I agree with that I'm just not sure why you're mentioning boilers filling with gunk when we are taking about tiny amounts of milk residue on the very tip of a steam wand, I would be very surprised if your steam wand after a day of making coffees would be perfectly clean. I think the OP was just trying to point out that even though things may seem clean and show no signs of build up, that simply removing the steam tip and pushing a paperclip through the holes will potentially remove a "very" tiny amount of burnt/ stuck milk.
    Last edited by Jono_Willmer; 17th November 2018 at 09:17 PM.

  10. #10
    Senior Member Yelta's Avatar
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    I'll leave you with your thoughts.

  11. #11
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    Quote Originally Posted by Jono_Willmer View Post
    I agree with that I'm just not sure why your mentioning boilers filling with gunk when we are taking about tiny amounts of milk residue on the very tip of a steam wand, I would be very surprised if your steam wand after a day of making coffees would be perfectly clean. I think the OP was just trying to point out that even though things may seem clean and show no signs of build up, that simply removing the steam tip and pushing a paperclip through the holes will potentially remove a "very" tiny amount of burnt/ stuck milk.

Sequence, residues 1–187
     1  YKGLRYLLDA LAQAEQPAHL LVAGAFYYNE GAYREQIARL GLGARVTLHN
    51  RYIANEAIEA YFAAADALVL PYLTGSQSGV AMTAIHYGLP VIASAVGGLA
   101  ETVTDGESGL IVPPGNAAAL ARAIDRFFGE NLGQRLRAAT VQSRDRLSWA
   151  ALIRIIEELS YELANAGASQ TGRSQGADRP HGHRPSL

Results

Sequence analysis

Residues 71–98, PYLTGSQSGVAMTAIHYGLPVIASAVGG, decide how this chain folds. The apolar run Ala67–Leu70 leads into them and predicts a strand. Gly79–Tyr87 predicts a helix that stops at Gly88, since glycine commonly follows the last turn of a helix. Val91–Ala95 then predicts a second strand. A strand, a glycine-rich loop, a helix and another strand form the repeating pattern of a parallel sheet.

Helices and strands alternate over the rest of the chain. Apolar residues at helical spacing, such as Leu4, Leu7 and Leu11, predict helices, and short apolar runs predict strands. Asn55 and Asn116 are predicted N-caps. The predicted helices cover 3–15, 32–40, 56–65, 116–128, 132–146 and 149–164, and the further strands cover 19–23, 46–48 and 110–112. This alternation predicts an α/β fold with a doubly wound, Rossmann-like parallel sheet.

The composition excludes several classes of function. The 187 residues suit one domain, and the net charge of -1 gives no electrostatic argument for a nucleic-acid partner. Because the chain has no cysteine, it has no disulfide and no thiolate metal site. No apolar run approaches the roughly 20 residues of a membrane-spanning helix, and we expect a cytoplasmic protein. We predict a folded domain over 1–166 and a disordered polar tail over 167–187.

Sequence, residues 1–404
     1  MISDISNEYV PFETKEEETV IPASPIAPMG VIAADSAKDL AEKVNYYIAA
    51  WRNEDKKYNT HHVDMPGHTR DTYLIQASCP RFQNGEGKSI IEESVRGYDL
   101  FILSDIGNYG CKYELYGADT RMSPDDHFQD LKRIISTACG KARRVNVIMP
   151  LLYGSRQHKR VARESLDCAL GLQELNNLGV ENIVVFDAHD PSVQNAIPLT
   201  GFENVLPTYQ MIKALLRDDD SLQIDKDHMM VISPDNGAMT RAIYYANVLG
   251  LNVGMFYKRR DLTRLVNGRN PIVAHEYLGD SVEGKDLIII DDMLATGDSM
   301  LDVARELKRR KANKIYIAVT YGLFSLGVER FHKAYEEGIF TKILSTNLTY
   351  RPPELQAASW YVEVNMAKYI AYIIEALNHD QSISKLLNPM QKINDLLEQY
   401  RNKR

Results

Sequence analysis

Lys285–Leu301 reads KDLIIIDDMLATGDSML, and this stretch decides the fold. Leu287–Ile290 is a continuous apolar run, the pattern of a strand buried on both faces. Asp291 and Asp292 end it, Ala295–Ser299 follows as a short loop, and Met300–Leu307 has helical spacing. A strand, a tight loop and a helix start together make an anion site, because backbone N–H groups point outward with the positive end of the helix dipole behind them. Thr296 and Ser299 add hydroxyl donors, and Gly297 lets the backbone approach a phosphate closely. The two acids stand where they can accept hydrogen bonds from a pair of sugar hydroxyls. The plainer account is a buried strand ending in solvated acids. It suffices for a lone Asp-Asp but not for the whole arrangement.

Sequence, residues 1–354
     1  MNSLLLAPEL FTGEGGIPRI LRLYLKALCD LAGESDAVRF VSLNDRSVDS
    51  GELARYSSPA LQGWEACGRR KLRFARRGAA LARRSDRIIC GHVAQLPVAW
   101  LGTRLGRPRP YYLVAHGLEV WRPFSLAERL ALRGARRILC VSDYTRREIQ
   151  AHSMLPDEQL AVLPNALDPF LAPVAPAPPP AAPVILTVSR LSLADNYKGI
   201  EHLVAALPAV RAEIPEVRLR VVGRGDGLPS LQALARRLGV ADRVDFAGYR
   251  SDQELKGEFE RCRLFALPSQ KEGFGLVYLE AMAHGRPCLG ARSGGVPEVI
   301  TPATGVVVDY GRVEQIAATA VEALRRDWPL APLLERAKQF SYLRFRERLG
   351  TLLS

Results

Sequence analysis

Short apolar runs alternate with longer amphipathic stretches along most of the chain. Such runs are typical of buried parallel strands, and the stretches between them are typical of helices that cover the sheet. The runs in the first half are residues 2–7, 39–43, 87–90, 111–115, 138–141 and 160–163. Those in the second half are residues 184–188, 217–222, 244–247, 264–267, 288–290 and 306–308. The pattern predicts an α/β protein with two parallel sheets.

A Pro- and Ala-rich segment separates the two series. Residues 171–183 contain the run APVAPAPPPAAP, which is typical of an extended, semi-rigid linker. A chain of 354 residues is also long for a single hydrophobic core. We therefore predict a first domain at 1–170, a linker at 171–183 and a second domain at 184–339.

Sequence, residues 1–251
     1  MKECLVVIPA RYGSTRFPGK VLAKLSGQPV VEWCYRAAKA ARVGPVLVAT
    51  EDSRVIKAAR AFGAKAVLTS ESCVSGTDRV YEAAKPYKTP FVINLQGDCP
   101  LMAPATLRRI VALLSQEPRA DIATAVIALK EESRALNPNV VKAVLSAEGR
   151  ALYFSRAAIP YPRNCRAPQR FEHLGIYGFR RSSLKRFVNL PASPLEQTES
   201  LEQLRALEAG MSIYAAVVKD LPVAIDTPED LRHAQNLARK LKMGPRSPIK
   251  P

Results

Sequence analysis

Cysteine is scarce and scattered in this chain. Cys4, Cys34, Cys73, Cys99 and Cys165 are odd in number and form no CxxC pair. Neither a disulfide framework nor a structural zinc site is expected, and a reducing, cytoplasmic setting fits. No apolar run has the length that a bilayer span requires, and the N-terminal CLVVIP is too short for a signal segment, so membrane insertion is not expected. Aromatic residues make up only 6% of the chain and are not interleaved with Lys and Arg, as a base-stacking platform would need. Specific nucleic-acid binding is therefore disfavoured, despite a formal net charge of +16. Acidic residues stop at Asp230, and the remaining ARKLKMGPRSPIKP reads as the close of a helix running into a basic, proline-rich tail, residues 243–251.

Unfortunately sometimes it is not just a tiny amount of milk that gets slurped up. Think 365 times contraction (steam back to water) when it cools down. I do not know first hand how long it takes to get to an extreme, I just know I have encountered at least a dozen "hard core cases" over the years (perhaps as many as twenty).

    On this one I agree with Alan Frew - when it occurs it is one of the worst jobs to clean such a boiler. BTW it can happen with thermoblocks/coils as well for the same reason. A couple of times I have had a 6910 hit my bench with milk solids all the way back to the steam thermocoil. They were the ones I ended up pulling the wand, plumbing and thermocoil out and soaking them in toluene overnight (sealed container / well ventilated area) - nothing else could attack that build up of smelly gunk in the smaller channels in the same calendar week... the first few times I had failed with less subtle approaches.

    Enjoy your cuppa - hopefully with non polluted milk if that is your thing.

    TampIt
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  12. #12
    Senior Member Jono_Willmer's Avatar
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    Quote Originally Posted by TampIt View Post